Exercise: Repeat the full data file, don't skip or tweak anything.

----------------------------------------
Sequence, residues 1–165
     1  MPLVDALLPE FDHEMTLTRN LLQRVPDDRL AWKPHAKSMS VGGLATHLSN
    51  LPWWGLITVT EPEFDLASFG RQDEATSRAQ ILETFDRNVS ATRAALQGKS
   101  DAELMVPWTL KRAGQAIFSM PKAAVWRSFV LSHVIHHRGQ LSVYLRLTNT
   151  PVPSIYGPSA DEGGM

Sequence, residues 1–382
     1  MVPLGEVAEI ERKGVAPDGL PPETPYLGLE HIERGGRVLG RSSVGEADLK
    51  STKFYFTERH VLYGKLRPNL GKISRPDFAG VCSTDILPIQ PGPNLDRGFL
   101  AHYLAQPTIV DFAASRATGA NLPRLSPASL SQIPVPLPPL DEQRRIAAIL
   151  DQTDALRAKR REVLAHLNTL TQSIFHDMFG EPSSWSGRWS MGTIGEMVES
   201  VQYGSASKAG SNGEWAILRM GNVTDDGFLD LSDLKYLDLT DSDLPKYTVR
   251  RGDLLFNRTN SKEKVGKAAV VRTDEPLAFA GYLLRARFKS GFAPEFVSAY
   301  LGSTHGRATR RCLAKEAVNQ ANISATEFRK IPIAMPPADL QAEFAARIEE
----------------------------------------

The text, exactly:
Sequence, residues 1–165
     1  MPLVDALLPE FDHEMTLTRN LLQRVPDDRL AWKPHAKSMS VGGLATHLSN
    51  LPWWGLITVT EPEFDLASFG RQDEATSRAQ ILETFDRNVS ATRAALQGKS
   101  DAELMVPWTL KRAGQAIFSM PKAAVWRSFV LSHVIHHRGQ LSVYLRLTNT
   151  PVPSIYGPSA DEGGM

Sequence, residues 1–382
     1  MVPLGEVAEI ERKGVAPDGL PPETPYLGLE HIERGGRVLG RSSVGEADLK
    51  STKFYFTERH VLYGKLRPNL GKISRPDFAG VCSTDILPIQ PGPNLDRGFL
   101  AHYLAQPTIV DFAASRATGA NLPRLSPASL SQIPVPLPPL DEQRRIAAIL
   151  DQTDALRAKR REVLAHLNTL TQSIFHDMFG EPSSWSGRWS MGTIGEMVES
   201  VQYGSASKAG SNGEWAILRM GNVTDDGFLD LSDLKYLDLT DSDLPKYTVR
   251  RGDLLFNRTN SKEKVGKAAV VRTDEPLAFA GYLLRARFKS GFAPEFVSAY
   301  LGSTHGRATR RCLAKEAVNQ ANISATEFRK IPIAMPPADL QAEFAARIEE